The Wisconsin Claims Board on Friday awarded $25,000 to a U.S. Navy veteran who spent 26 years behind bars for a homicide he didn't commit.Read More »
The Wisconsin Senate is unlikely to take up bills that would outlaw so-called sanctuary cities for immigrants, increase compensation for the wrongly convicted and allow students to deduct debt from their income taxes when it convenes Tuesday for what's expected to be the last floor period of the two-year legislative session.Read More »
Wisconsin legislators took a step Tuesday toward dramatically increasing compensation for the wrongly convicted, unanimously passing a bill in the state Assembly that would boost exonorees' payouts and grant them state insurance and job training benefits.Read More »
A bipartisan group of state lawmakers is moving to dramatically restructure compensation rules for people wrongly convicted in Wisconsin, introducing a bill Thursday that would raise the maximum payout from $25,000 to $1 million and remove exonerees' cases from the state's public court database.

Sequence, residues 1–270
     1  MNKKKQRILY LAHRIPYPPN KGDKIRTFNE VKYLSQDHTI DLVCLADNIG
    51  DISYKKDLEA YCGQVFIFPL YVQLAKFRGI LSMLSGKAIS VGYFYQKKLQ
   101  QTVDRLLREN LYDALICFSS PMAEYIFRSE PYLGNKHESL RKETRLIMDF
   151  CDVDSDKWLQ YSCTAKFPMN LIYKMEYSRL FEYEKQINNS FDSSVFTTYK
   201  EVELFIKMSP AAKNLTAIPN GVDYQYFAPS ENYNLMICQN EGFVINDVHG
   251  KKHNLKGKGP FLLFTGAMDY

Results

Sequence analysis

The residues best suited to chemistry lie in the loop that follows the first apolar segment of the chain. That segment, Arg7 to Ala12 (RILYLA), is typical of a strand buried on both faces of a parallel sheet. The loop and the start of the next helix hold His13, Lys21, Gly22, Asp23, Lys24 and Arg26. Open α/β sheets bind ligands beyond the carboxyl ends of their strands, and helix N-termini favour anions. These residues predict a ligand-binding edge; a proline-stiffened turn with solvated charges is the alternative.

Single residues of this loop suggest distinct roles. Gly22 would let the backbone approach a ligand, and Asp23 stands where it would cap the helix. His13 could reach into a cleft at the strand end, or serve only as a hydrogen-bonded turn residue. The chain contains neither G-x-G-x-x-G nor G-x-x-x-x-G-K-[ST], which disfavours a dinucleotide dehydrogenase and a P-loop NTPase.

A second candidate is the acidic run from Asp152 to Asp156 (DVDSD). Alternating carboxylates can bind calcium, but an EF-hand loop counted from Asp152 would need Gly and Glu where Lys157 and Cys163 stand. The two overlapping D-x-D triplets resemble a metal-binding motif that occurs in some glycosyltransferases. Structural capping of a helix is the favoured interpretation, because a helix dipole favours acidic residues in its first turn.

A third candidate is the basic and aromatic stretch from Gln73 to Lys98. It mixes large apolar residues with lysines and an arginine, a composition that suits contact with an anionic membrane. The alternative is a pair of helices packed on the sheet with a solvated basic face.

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When three half brothers' decades-old murder convictions were thrown out last month, they became a dramatic example of an idea spreading among prosecutors nationwide: "integrity units" dedicated to double-checking convictions to determine whether justice was served.Read More »
Hospitals have staff conferences to examine why patients died. Airline pilots have a system for voluntarily submitting information on safety concerns. Yet the life-and-death world of criminal justice often operates without a similar mechanism for probing its most feared failures: wrongful convictions.Read More »
Wisconsin lawmakers are working on a pair of bipartisan bills that would boost compensation for a man who spent more than two decades behind bars for a homicide he didn't commit as well as for all wrongful convictions.Read More »